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If you are wondering, how do you add a custom pin image and custom description on your Pinterest pins, so when people pin from your site, it is prefilled for them? Then you came to the right place, these are the instructions for both Classic and Gutenberg. This method can be used to hide full size images on your post without slowing down your site. However, these tools can be used on both visible or hidden pins.
Reference: https://developers.pinterest.com/docs/widgets/save/, scroll about halfway down the page to “Source Settings”.
Let’s get started.
First I will explain the method of hiding pins that slows down your website:
Note: You must be using the Text editor in WordPress to add the html code.
Remember – the “alt” in your image tag is for those who are vision impaired, to describe the image to them with good SEO Keywords if possible, and not for your Pinterest Description – However, Pinterest will pick up the alt text, if you don’t include the “data-pin-description” on your image tag.
See this example showing the fancy curly or slanted quotes, the Gutenberg and Classic editor will ignore these, and you will get weird output. This is the same for the Pinterest code data-pin-description.
So you need to delete them and re-type the quotation mark, so it appears straight up and down like this for every spot where their is a quotation: "
A trick I use, is to paste the code into notepad, this is program that comes with Windows free, needs to be notepad not wordpad or Microsoft Word these will not work for this step. Copy and paste the code there, and if there are any curly or slanted quotes, I copy one and then click edit on the menu and select replace, I’ll paste the curly or slanted quote in the find box, and type in the straight quote in the replace box and then click replace all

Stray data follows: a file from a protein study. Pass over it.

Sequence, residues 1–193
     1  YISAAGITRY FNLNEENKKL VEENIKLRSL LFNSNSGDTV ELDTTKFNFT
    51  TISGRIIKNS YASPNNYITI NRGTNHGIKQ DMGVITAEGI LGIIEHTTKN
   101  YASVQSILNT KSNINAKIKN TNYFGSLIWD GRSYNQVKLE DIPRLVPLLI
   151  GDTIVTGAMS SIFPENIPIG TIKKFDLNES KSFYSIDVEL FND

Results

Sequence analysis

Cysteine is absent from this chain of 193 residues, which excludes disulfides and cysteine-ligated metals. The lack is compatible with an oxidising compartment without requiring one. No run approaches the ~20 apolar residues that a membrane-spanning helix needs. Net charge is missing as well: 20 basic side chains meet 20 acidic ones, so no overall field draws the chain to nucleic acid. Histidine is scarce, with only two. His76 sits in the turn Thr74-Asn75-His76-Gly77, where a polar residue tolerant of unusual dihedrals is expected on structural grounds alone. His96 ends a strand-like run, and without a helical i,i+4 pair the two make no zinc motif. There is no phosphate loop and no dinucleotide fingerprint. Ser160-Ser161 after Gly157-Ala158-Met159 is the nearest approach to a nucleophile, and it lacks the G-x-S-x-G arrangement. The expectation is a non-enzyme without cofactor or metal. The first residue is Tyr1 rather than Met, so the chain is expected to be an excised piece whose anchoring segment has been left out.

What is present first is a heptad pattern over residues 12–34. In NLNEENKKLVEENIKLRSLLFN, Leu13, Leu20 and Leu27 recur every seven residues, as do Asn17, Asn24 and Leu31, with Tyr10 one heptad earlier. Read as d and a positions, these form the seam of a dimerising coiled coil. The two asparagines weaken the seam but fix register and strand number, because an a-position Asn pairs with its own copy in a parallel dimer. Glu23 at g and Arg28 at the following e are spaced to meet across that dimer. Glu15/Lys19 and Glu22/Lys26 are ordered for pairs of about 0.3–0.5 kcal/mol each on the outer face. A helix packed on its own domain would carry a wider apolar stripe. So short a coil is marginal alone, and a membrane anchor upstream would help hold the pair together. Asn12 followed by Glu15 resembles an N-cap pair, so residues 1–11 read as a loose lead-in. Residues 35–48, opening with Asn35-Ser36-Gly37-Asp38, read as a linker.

Here is the first example that will hide an image, but will also slow down your webpage load time:
This image is compressed and is 232KB in size. The reason this slows down your website is that the browser still downloads the full size hidden image every time the page loads. If you have 3-4 hidden pins it will add up even more.
So how do you add multiple pins to your post, without slowing down your website? Here are a couple options.
Let’s say you have a horizontal or non-Pinterest-optimized image visible on your post, and you don’t want to people to pin that image, but rather, you want visitors to Pin your optimized Pin. What do I mean by optimized Pin? Optimized for Pinterest images are tall, vertical images in a ratio of 2:3 with text overlay that makes the viewer want to click on your pin.
One thing you need to note before you use this method. When you add “data-pin-media” to your image tag. Make sure to add it on every image that you want visitors to be able to pin. So if you have VISIBLE Optimized Pinterest pins, make sure to add the “data-pin-media”, in this case the “src” and “data-pin-media” for the img tag will be the same.
On the horizontal image or just one you don’t want pinned you can add this code to pin your Optimized Pin image instead:
When a visitor clicks on the “Pin it” button or any Pinterest Share button on your website or the browser Pin it button on Chrome or Firefox, your Optimized pin with your Optimized description are pulled up.
Now let’s say, like us, on our regular blog site, you only have one visible image and you want to add 2-4 or more hidden pins. That’s where a tiny transparent image is perfect!